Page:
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Dublin: 16 °C Sunday 22 September, 2019
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Irish Times takes 9 per cent hit as newspaper sales tumble

Figures show almost one in eight copies of the Irish Independent is not actively purchased, as paper sales fall across the board.

Image: Mark Stedman/Photocall Ireland

THE IRISH NEWSPAPER industry has shown another fall in sales, with all of the country’s native papers showing declines in the year to June.

The figures, carried in today’s ABC reports, show a loss in sales across the board for Irish papers.

The one-time paper of record leads the declines in national papers, with sales of The Irish Times dropping an even 9 per cent on last June’s figure, averaging 84,201 sales per day.

Almost 10 per cent of that number is not actively purchased, meaning that they are given away in places such as hotels and cafes.

Almost one in eight copies of the Irish Independent fall into this category, with 87.6 per cent of their sales classed as actively purchased.

The Independent reported an average daily sales figure of 121,120, down 3.9 per cent on the year. That is despite the paper carrying arguably the year’s biggest story, the Anglo Tapes.

The Herald, the sister paper of The Independent is also down, losing 4.3 per cent of its sales and coming in at 58,545 per day.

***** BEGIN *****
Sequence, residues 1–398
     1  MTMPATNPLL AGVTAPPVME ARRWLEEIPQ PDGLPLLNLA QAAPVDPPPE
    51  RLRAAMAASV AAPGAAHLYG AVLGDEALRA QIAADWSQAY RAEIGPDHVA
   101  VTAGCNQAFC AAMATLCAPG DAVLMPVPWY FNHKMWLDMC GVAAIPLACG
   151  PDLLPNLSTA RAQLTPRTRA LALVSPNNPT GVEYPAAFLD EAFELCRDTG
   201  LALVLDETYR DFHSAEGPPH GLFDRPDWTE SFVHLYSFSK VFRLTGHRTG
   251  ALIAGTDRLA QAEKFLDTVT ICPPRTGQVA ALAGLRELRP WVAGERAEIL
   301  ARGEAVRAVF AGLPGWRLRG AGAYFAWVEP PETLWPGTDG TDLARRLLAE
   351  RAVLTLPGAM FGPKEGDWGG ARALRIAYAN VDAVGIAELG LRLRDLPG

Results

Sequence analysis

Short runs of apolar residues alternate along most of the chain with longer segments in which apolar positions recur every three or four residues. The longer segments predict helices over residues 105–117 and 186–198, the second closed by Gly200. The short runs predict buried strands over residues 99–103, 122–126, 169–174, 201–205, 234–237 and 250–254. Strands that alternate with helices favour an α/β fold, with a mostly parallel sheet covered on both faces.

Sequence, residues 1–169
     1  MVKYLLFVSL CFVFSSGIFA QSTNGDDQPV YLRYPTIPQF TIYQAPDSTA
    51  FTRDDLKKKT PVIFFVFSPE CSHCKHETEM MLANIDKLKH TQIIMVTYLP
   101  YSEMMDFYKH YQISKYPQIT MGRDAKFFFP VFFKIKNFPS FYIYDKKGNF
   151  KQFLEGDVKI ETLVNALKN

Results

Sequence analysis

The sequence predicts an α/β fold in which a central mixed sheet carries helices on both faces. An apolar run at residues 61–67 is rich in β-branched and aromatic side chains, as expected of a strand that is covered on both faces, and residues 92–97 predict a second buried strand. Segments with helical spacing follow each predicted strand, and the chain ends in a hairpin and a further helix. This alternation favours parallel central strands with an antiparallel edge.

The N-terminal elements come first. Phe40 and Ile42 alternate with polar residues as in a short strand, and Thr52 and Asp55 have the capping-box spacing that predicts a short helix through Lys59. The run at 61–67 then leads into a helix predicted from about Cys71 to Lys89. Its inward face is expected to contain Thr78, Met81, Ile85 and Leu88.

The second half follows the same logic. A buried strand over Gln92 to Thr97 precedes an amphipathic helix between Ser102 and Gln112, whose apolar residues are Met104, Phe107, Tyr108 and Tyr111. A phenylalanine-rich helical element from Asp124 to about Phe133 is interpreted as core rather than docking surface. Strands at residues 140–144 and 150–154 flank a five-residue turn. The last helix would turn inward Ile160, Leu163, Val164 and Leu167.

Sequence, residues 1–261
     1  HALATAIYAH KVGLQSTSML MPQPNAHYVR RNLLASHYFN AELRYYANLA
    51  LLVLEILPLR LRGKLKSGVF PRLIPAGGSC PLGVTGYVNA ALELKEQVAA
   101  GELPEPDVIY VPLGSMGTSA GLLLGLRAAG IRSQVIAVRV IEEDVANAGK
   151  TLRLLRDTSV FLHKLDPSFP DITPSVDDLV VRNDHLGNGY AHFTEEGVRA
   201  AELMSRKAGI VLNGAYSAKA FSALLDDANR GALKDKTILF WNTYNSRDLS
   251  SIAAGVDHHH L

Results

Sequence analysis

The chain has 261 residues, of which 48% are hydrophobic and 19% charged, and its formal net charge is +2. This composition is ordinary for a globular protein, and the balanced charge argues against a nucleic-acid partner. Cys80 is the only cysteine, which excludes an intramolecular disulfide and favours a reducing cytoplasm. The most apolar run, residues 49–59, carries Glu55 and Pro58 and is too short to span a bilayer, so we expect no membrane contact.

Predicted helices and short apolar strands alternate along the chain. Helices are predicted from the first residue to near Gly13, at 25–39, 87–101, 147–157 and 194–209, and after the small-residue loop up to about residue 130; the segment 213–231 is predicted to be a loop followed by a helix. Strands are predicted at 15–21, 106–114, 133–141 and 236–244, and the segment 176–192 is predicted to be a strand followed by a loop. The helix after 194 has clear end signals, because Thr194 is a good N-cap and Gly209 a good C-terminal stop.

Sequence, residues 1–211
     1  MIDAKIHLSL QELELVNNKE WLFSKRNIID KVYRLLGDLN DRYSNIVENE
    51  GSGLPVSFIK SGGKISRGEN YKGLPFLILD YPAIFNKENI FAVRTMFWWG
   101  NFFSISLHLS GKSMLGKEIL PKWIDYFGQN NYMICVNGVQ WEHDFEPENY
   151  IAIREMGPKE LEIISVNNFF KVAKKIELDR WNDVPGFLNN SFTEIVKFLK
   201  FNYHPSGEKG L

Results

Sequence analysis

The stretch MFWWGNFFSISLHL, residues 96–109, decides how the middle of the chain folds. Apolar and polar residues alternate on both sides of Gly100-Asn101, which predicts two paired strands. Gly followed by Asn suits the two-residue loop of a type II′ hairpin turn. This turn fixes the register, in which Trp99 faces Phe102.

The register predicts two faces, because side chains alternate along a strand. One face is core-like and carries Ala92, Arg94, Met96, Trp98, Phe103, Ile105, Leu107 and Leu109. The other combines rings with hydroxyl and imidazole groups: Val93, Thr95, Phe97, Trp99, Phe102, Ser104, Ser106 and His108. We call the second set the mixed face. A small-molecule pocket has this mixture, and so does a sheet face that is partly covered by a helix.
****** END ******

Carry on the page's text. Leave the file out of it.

Sales of the Irish Examiner, whose parent company Thomas Crosbie Holdings went into receivership earlier this year, is down to 37,897 sales per day, a drop of 5.8 per cent.

Sundays don’t fare much better, as the Sunday World and Sunday Business Post recorded losses of 6.9 and 6.7 per cent of sales respectively.

The Sunday Independent remains the biggest selling paper on Sunday, with 232,494 sales. However, this is a drop of 2.6 per cent and only 95 per cent are active purchases.

Corrected for active purchases only, there is just 2,700 copies in the difference between the Sunday Independent and the Sunday World.

In Cork the Evening Echo, which was also part of the Thomas Crosbie stable, has lost nearly an eighth of its sales, with 15,397 people picking it up.

The figures for British papers in Ireland were released last month and showed a fall in sales for the Mirror, Sun and Sunday Times. The Daily Mail grew by 0.7 per cent.

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